So instead of growing a huge, novelty seed pod in your immediate vicinity, the alien versions of us here just vomit into our coffee or even onto us to get the dormant aliens into us. This gives us the bizarrely ‘out of place for commercial cinema’ moment where we have Jeremy Northam vomiting all over Nicole Kidman’s face and in her mouth, which also makes her the second Bennell in the movie versions to be actually ‘infected’ by the aliens... although with a much different result to what happened when Donald Sutherland was ‘podded up’ nearly 30 years before. And, of course, Jeremy Northam, who I always think of as the modern Cary Grant, plays a pod person quite well. Although, it has to be said, the aliens in this movie seem really dumb and easy to detect.
The writers and directors haven’t forgotten their long cinematic heritage either. For starters, one of Carol’s patients is played by Veronica Cartwright, who was in the 1970s incarnation of the film (and who is also famous for appearing in such films as The Birds and A L I E N). There’s also the nice moment where an old lady does the whole Kevin McArthy thing of running through all the cars and screaming about the aliens as a foreshadowing technique, before being run over and killed. It’s a shame they didn’t tap McCarthy to pick up this scene again but, you can’t have everything. There’s a nice moment later in the film where Nicole Kidman almost repeats the entire scene, which is a nice moment... from one Bennell to another. And another nod to the original is a scene which is a fourth version... although with people and not pods this time around... of the town square distribution scene. So that’s always nice.
The direction and editing is... somewhat problematic but there’s some nice cinematography in this, with some nice colours and framing, especially in the exterior city scenes when it’s raining at night. There’s also a bizarre, Dario Argento kind of moment where, when Nicole Kidman’s character starts to succumb to sleep a few times and the director switches to close ups of the white cells in her blood being swaddled by the alien virus.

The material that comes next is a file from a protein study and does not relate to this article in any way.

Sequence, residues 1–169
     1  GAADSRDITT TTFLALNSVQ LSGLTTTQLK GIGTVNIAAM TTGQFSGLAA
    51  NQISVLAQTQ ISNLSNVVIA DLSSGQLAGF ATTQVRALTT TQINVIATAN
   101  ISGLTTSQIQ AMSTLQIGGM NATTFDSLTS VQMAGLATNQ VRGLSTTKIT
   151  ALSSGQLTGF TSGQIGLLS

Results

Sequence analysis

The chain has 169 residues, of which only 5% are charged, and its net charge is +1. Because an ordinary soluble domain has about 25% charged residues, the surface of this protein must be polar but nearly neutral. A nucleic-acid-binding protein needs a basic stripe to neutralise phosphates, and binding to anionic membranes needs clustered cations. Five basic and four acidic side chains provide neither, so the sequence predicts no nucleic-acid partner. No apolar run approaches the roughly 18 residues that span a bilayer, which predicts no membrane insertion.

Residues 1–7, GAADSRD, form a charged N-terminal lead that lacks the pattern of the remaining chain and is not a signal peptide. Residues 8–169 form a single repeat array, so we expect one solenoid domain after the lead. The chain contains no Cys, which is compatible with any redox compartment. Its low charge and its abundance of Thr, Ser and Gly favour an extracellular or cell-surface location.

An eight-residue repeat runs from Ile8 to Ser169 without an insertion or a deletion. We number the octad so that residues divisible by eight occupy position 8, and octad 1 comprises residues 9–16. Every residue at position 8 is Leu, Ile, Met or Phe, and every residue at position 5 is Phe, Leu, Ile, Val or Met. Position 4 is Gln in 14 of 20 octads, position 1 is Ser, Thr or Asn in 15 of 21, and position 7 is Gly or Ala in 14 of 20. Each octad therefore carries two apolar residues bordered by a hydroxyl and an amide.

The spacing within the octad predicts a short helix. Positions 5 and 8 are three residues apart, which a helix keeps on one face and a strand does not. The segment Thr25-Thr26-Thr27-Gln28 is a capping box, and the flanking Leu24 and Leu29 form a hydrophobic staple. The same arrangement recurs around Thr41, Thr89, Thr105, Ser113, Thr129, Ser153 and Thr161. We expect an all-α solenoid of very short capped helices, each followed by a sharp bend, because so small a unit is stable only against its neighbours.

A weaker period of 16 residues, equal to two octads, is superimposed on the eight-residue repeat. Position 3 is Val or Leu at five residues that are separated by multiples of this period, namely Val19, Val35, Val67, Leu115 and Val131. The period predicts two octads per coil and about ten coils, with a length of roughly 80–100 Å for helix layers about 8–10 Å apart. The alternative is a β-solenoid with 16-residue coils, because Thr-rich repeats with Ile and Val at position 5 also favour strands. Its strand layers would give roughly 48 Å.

The paranoia of the piece is fairly well done too, with a camera walk with Kidman’s character following her on her way to the office, taking in all the hustle and bustle of the people clashing against each other on their daily routine, contrasted later on in the film with more or less exactly the same sequence of shots... but showing all the people nicely behaved, to indicate that by now the majority of the people on the streets are alien hosts. There’s even a tense moment where the director resorts to using the old, boiling, whistling kettle sound in the background to ratchet up the tension... which works pretty much as well as it always does in these kinds of movies.
One of my biggest problems with the film is in the editing. There are four or five moments in the movie where they just start crosscutting between various scenes showing bits from earlier in the movie, bits which are happening now and bits which will happen later on in the movie, in fairly extended but rapidly edited pieces. Maybe its another stab at giving us some foreshadowing but I suspect it’s more a way of excluding bits of explanatory footage which were either missing and not shot... allowing us to get the jump on the next scene as we slide into the middle of the action on that next sequence... or the shot footage was just too slow and boring and they needed to ramp up the pace. Either way, it looks like the editor is trying to be Nicolas Roeg and, honestly, as much as I appreciate that particular directorial genius and his editing decisions, resorting to it here in an almost random manner really doesn’t serve the film and makes you pop out of the experience, as opposed to letting you make visual, metaphorical connections. It just doesn’t work well.
It’s not a total let down though because John Ottman’s score serves the film quite well and is appropriately sinister, helping to build the suspense when the colliding visuals let things down on occasion. Alas, fans of the previous versions of this may find the ‘magic bullet’ of the ending a bit of a bitter pill to swallow, it has to be said. Actually, being as we’re all now in a kind of magical and somewhat ineffective pseudo-lockdown from Coronavirus at the moment, I found it a nice idea that the aliens come up with the plan a third of the way through the picture to infect everybody under the guise of it being a vaccine. That’s a nice idea. I still prefer giant seed pods though, if I was given a choice.
Not much more to say on The Invasion other than... it’s not a terrible film, it’s quite a good one hobbled by some problems which may well have been exacerbated by the reshoots and re-editing job, I suspect. If you like the various Body Snatcher movies and the ideas in them, then there should be no real reason why you shouldn’t have an okay time with this one. I’d have to say, though, that I’m probably not going to rewatch the third or fourth ones as frequently as I’ll revisit the first two in years to come. But still... this is not a bad shot at it.